The displays cabinets in this section present only artifacts related to massacres. These include personal effects, pieces of Muslim religious texts, spent Russian cartridges, as well as human remains and bullets. These exhibits are mainly from the villages of Timar (Erzurum-Pasinler), Alaca Koy (Erzurum), and Obakoy (Igdir).
A surreal cameo role

Erzurum city had around 2,500 Armenian households in 1915, as well as 40 Armenian-inhabited villages around it. Yet the museum says nothing about Armenians in this area. There is no mention of Armenian settlements in the plain, churches, monasteries, and schools, nor anything about an Armenian contribution to the social and economic life of the province. The "Armenian atrocities" display appears rather surreal, where Armenians simply appear as murderers.

The typical experience for Armenian civilians during this period was to be "deported" and killed in June 1915. If one took a sample of Armenian clergymen, such as those of the Armenian Apostolic church of Erzurum, one would find that they were all murdered after being arrested and sent into exile by the government in June 1915. (The Armenian clergymen from Erzurum who were killed in 1915 were Archbishop Smpad Saadetian, Hmayag Kahana Mouradkhanian, Nerses Kahana Vahanian, Zareh Kahana Shisheian, and Zarmayr Kahana Kevorkian.)

Had the museum acknowledged the presence of Armenian civilization in this region, or that Armenians were deported en masse and suffered a great deal during 1915, one might have taken the "Armenian atrocities" section more seriously. In no way could the mass murder of Armenians in 1915 serve to justify the murder of Turks, Kurds, or others represented in the "Armenian atrocities section." However, the destruction of Armenians in June 1915 took place under the auspices of the state, as part of a genocidal campaign. One cannot say the same for the actions of those Armenians (or others) who may have committed atrocities after Russians occupied these regions. What one sees in the museum is disturbing because it manipulates the suffering of Turks and Kurds for the vilification of ordinary Armenians and the denial of Armenian history - including the Armenian Genocide of 1915.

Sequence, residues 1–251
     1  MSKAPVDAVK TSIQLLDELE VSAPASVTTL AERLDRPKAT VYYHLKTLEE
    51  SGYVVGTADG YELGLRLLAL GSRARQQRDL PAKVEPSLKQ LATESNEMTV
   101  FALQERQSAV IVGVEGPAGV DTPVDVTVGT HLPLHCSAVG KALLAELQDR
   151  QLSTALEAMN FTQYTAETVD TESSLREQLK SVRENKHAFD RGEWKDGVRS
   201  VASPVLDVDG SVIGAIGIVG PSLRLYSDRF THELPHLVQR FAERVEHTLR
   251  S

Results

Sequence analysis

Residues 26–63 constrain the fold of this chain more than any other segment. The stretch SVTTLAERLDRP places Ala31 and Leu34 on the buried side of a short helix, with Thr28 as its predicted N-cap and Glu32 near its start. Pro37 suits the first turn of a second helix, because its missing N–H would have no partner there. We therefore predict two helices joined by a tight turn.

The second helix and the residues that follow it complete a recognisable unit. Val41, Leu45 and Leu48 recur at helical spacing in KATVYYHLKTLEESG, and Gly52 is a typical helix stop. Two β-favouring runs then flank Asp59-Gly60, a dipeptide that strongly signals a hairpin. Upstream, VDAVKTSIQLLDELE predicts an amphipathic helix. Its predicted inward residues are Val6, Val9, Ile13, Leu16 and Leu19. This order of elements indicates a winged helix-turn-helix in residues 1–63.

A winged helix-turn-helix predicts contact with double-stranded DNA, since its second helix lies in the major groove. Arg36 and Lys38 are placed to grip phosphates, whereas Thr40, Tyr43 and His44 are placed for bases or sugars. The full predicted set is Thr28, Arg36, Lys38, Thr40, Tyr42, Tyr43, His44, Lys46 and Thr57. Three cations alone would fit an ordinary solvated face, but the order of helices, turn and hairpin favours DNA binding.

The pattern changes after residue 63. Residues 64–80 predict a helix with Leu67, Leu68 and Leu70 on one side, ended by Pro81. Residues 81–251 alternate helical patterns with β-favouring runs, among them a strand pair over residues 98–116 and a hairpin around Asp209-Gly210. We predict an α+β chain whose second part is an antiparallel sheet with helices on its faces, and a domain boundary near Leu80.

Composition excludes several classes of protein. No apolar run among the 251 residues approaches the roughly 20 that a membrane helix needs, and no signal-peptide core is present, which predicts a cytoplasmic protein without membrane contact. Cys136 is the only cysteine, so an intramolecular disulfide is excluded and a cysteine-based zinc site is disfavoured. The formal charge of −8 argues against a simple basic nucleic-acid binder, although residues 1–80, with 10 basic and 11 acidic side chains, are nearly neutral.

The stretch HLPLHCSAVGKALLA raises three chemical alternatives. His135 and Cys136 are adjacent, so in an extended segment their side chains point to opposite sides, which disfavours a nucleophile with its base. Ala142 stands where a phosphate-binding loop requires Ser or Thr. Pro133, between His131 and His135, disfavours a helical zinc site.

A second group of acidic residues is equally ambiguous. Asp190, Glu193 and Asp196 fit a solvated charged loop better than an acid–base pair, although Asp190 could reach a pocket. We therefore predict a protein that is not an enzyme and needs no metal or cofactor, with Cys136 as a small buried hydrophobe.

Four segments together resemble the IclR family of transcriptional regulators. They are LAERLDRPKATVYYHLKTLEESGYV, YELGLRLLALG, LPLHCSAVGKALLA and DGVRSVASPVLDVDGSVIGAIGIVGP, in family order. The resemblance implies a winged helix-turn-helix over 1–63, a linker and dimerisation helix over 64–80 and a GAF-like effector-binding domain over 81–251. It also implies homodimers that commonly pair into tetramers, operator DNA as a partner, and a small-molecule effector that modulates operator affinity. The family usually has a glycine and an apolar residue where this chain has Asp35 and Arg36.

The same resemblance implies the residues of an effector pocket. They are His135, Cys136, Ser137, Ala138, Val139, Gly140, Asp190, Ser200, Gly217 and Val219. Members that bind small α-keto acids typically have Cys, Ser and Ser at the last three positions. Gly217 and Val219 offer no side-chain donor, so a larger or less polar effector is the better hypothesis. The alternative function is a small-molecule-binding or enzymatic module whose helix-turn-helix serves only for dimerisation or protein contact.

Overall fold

The goddess Anahit

After seeing the exhibitions I approached some museum officials and asked them why they found the use of the "E" word so difficult to mention in the museum. ("E" is for Ermeni or Ermenistan, that is Armenian or Armenia, in Turkish.) I was told that there was no such difficulty. It was just that they could not present Armenian artifacts in the museum if no such artifacts were found in the excavations they had undertaken. They also said that they did not have any artifacts on display less than 200 years old. Presumably this assertion did not include the Armenian atrocities section.

I did not ask why there was no mention or discussion of Armenia or Armenians in any of the discussion panels.

I asked how the British Museum had obtained a bust of the Armenian Goddess Anahit (circa 2nd century B.C.E.), from Erzinjan, near Erzurum, in the 1870s, while Erzurum Archeological Museum had not found anything comparable in all these years in the whole province. I was told that they knew of the Goddess Anahit exhibited in London, but they could not answer why they had not made similar finds in the area.

There was no point arguing about the "Armenian atrocities" section of the museum. I don't think they were comfortable with their position. Both the museum and the "Armenian atrocities" section were built over a decade ago, when the denigration and denial of Armenian history was a more brazen state policy.

The museum authorities were polite, even kind, and this atmosphere remains a big plus. But the intellectual weakness of the position these public officials find themselves in remains untenable. The question that occupied my mind was how one could come out of this impasse, with minimal embarrassment for such museum staff, even Turkish authorities themselves. After all, our common purpose remains a sensible solution to such problems.
Ara Sarafian / © 2008 Gomidas Institute
"These articles were commissioned by the Armenian Reporter and appeared in the Nov. 22, 2008, and Dec. 6, 2008, editions of the newspaper and on its website, www.reporter.am " Vincent Lima